DJI Tello, Spark, Mavic Air, or Mavic Pro: What Are the Differences and Which Drone Should You Pick?

DJI Tello, Spark, Mavic Air, or Mavic Pro: What Are the Differences and Which Drone Should You Pick?

In less than a year, DJI released four entry-level drones, from the cheap Tello to the more advanced Mavic Platinum. The mid-range segment is now occupied by the Spark and the newly announced Mavic Air. In some aspects, the latest DJI drone outperforms the pricier models, which can be confusing. Is the Mavic Air better than the Mavic Pro? Which one should you buy and why? The answer: it depends of your needs. Up next, we provide a complete comparison to help you navigate through the main differences of each drone, including their strengths and weaknesses.

Here is quick comparison chart of the drones:

DJI Tello - $100

This micro drone was just announced a few weeks ago. DJI decided to tackle the very crowded entry-level market in partnership with Intel and another Chinese manufacturer called Ryze Tech. The result? A tiny drone loaded with sensors and advanced stabilization features. The onboard camera can record up to 720 at 30 fps (FOV 82 degrees) and capture five-megapixel images (2592x1936 px). Its fixed camera offers electronic stabilization. The video stream is sent directly to the smartphone, which records the photo and video files. The phone is also used to control the drone but you can get some stick time and learn how to fly with a GameSir controller or any accessory compatible with the Apple MFI protocol. Like most micro drones in this category, the Tello is crash resistant.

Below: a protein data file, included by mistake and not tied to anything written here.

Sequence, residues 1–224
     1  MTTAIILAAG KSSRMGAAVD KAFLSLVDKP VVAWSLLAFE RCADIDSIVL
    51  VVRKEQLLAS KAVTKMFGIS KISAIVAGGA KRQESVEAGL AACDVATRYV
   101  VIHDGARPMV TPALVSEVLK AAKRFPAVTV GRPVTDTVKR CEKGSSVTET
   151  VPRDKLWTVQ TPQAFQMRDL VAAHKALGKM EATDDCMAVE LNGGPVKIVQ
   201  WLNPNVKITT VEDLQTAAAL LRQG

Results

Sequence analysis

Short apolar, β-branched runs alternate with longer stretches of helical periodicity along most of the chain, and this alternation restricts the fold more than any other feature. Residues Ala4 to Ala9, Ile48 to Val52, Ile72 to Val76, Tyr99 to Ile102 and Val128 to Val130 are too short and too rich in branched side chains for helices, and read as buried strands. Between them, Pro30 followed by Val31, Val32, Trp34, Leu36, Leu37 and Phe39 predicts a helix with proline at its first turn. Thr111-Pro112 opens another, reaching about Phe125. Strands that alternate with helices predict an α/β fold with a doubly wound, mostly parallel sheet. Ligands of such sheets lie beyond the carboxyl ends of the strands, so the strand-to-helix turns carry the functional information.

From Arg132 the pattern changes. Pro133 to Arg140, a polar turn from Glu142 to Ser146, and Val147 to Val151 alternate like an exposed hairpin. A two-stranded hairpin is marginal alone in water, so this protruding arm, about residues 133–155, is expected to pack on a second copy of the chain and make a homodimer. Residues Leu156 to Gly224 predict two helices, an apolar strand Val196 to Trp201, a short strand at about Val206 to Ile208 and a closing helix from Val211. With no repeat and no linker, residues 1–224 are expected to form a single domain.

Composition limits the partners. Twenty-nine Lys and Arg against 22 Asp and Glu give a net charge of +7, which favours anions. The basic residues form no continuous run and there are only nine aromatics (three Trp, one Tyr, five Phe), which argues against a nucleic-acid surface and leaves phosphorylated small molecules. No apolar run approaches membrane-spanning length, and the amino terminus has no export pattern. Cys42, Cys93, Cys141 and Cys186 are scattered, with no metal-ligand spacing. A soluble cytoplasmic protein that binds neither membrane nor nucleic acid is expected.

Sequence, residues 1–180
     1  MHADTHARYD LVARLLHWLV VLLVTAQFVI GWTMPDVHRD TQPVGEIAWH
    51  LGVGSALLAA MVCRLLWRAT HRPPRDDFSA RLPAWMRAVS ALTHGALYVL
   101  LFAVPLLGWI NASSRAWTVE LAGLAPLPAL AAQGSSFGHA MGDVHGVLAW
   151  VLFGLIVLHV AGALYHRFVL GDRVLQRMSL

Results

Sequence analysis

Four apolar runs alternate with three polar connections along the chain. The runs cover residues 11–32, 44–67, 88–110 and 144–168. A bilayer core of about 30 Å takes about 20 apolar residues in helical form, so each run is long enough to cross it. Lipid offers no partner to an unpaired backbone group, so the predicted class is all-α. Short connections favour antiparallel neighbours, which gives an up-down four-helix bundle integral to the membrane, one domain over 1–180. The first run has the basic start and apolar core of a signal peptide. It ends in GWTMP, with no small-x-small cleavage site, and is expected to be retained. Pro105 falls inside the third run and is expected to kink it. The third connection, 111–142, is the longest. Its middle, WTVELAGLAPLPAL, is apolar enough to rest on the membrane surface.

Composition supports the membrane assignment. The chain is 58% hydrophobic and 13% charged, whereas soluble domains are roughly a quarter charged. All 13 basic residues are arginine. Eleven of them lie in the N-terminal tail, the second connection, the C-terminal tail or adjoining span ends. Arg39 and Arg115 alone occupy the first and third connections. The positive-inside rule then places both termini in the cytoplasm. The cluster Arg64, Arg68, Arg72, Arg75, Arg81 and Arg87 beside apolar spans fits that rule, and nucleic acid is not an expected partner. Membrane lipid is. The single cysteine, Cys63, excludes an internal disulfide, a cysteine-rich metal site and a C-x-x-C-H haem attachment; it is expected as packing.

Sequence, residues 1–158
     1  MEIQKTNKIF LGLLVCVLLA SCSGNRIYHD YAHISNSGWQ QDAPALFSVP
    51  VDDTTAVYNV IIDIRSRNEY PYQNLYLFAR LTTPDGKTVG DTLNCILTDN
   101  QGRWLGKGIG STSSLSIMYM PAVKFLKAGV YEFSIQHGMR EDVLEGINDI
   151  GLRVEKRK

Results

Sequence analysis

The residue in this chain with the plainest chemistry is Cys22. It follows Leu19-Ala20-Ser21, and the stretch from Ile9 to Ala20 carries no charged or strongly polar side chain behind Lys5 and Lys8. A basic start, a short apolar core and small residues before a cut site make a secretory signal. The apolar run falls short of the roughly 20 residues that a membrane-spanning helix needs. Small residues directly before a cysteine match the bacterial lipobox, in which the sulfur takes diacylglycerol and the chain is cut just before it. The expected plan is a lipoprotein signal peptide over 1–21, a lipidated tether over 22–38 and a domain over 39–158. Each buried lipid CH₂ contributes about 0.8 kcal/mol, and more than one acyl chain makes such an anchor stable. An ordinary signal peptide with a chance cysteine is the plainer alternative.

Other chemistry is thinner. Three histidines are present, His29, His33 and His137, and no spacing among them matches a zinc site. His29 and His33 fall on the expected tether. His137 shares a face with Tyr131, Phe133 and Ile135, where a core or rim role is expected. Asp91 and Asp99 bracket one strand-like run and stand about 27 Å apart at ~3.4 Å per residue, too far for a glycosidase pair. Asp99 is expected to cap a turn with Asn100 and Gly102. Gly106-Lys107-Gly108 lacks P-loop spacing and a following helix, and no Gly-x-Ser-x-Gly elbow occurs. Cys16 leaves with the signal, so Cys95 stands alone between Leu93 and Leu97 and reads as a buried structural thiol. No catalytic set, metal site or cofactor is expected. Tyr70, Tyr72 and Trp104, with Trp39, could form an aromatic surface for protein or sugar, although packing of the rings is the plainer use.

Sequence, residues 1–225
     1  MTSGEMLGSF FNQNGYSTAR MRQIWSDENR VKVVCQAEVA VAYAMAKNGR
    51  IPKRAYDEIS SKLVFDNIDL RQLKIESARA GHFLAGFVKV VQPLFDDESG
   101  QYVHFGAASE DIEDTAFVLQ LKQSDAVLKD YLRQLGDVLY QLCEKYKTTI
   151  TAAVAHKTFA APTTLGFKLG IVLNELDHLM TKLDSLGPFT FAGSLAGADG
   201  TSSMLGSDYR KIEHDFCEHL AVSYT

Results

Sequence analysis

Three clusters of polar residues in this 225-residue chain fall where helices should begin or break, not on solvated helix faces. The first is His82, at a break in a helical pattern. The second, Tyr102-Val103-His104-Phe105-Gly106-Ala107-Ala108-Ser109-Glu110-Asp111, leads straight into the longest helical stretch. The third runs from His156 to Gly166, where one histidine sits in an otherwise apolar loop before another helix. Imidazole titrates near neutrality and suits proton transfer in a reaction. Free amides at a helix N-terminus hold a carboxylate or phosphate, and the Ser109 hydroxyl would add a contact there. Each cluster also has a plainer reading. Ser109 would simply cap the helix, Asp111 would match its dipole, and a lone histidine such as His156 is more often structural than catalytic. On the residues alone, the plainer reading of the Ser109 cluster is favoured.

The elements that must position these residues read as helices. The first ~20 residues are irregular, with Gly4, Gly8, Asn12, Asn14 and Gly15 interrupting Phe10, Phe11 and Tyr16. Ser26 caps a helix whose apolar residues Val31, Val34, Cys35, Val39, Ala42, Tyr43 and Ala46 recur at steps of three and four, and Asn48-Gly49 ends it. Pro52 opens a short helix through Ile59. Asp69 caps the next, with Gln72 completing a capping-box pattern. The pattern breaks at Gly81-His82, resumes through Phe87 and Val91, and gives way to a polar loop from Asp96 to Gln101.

Pros

  • Cheap ($100 without the controller)
  • Crash resistant, perfect for training before using a larger drone
  • Advanced stabilization and sensors suite for a micro drone (barometric altimeter, vision positioning system, DJI flight controller)